The Q Score (popularly known as Q-Rating) is a measurement of the familiarity and appeal of a brand, celebrity, company, or entertainment product (e.g., television show) used in the United States. The higher the Q Score, the more highly regarded the item or person is, among those who are aware of the subject. Q Scores and other variants are primarily used by the advertising, marketing, media, and public relations industries.
The Q Score is a metric that determines a "quotient" ("Q") factor through mail and online panelists who make up representative samples of the population. The score identifies the familiarity of an athlete, brand, celebrity, entertainment offering (e.g., television show), or licensed property, and measures the appeal of each among people familiar with the entity being measured. Other popular synonyms include Q rating, Q factor, and simply Q.
The Q Score was developed in 1963 by Jack Landis and is owned by Marketing Evaluations, Inc, the company he founded in 1964. Q Scores are calculated for the population as a whole as well as by demographic groups such as age, education level, gender, income, or marital status.
Q Score respondents are given choices for each person or item being surveyed:
A. One of my favorites. B. Very Good C. Good D. Fair E. Poor F. Never heard of
The positive Q Score is calculated by counting how many respondents answered A divided by the number of respondents answering A-E, and calculating the percentage. (that is, multiplying the fraction by 100). Put another way,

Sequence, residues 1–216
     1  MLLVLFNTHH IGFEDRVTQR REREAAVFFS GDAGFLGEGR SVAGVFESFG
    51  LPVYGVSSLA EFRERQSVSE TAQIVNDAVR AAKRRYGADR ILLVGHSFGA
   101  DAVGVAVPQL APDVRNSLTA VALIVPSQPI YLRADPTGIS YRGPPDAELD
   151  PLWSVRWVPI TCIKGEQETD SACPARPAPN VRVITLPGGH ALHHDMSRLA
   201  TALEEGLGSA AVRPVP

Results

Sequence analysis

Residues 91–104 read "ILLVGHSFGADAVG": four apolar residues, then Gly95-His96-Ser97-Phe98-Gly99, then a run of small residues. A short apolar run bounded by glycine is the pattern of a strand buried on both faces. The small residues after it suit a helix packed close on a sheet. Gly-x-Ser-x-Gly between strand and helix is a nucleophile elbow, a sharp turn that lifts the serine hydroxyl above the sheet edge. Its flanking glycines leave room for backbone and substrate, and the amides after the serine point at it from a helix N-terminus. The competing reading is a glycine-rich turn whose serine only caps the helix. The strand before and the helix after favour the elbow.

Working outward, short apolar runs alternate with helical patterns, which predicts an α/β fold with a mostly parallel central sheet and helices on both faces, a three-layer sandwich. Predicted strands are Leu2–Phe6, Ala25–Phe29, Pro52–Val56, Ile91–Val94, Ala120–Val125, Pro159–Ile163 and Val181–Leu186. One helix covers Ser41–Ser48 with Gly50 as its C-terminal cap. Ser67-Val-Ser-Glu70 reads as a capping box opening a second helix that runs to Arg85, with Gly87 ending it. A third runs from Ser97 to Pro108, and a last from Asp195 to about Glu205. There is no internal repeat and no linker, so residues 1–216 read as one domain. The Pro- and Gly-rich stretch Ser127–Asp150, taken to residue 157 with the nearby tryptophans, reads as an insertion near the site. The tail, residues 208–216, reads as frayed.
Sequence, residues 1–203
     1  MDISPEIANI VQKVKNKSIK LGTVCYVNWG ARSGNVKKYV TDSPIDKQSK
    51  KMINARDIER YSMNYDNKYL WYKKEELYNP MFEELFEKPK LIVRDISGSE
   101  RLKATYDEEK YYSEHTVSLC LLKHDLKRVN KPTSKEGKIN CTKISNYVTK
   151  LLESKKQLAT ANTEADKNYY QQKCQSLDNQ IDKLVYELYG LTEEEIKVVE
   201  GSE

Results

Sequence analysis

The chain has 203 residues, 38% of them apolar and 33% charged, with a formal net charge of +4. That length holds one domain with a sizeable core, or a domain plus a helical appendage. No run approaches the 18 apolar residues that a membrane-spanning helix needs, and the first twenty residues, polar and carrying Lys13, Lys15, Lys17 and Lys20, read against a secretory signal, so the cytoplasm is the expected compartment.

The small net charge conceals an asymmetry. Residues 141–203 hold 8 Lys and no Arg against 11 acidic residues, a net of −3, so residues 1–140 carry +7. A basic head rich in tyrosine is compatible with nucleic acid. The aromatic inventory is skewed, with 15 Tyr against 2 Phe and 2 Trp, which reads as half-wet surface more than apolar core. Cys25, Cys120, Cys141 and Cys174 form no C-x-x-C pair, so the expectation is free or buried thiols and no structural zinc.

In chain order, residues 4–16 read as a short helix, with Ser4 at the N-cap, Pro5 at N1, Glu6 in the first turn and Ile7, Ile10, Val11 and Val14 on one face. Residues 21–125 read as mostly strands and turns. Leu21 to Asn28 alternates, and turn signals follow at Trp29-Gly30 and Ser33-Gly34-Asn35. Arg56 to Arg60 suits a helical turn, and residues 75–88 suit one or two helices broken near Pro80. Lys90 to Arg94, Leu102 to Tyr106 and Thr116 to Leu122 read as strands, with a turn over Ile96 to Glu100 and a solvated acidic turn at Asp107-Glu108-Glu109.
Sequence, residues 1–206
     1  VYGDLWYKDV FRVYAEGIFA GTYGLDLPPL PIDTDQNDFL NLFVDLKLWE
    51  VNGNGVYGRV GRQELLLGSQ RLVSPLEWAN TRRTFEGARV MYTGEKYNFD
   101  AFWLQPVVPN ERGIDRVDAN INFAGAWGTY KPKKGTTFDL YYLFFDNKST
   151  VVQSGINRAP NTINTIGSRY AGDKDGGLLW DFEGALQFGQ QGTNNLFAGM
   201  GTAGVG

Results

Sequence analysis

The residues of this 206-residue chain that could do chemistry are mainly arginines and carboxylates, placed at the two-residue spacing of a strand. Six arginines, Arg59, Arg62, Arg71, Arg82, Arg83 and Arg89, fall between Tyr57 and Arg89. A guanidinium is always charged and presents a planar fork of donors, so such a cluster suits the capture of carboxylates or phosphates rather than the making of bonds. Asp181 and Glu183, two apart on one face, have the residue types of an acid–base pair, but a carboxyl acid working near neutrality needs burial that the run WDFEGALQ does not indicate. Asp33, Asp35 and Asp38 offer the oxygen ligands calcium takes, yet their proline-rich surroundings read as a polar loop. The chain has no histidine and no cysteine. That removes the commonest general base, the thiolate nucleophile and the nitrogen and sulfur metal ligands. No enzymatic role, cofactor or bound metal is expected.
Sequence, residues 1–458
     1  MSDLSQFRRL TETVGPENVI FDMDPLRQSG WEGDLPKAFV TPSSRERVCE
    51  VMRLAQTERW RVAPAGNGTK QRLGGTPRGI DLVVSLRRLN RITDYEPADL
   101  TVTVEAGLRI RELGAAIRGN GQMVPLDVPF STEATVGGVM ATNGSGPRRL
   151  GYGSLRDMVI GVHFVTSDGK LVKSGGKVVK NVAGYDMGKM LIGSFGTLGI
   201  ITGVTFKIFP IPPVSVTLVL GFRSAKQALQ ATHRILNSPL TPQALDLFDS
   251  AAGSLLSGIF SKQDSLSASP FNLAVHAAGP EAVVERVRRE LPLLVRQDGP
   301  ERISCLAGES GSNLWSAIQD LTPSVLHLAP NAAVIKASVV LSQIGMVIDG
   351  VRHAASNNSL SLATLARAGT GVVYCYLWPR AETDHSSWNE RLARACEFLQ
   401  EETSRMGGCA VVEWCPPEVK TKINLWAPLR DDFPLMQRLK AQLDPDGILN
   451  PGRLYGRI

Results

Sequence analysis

Similarly, the negative Q Score is calculated by calculating the percentage of respondents who answered D or E relative to respondents who answered A to E.
Other companies have created alternative measures and metrics related to the likability, popularity, and appeal of athletes, brands, celebrities, entertainment offerings, or licensed properties. Marketing Evaluations claims the Q Score is more valuable to marketers than other popularity measurements, such as the Nielsen ratings, because Q Scores indicate not only how many people are aware of or watch a show but also how those people feel about the entity being measured. A well-liked television show, for example, may be worth more as a commercial vehicle to an advertiser than a higher-rated show that people don't like as much. Emotional bonding with a show means stronger viewer involvement and audience attention, which are very desirable to sponsors. Viewers who regard the show as a "favorite" have higher awareness of the show's commercial content.
Marketing Evaluations regularly calculates Q Scores in eight categories:
Cable Q and TVQ scores are calculated for all regularly scheduled broadcast and cable shows.
Other Q Scores are calculated to order for clients who want to research public perception of a brand or celebrity. For example, in 2000, IBM hired Marketing Evaluations to calculate the Q Score for Deep Blue, the supercomputer that defeated chess Grandmaster Garry Kasparov. Deep Blue's Q Score was 9, meaning the computer was as familiar and appealing at the time as Carmen Electra, Howard Stern, and Bruce Wayne. In contrast, Albert Einstein's Q Score at the time was 56, while Larry Ellison and Scott McNealy each received a Q Score of 6.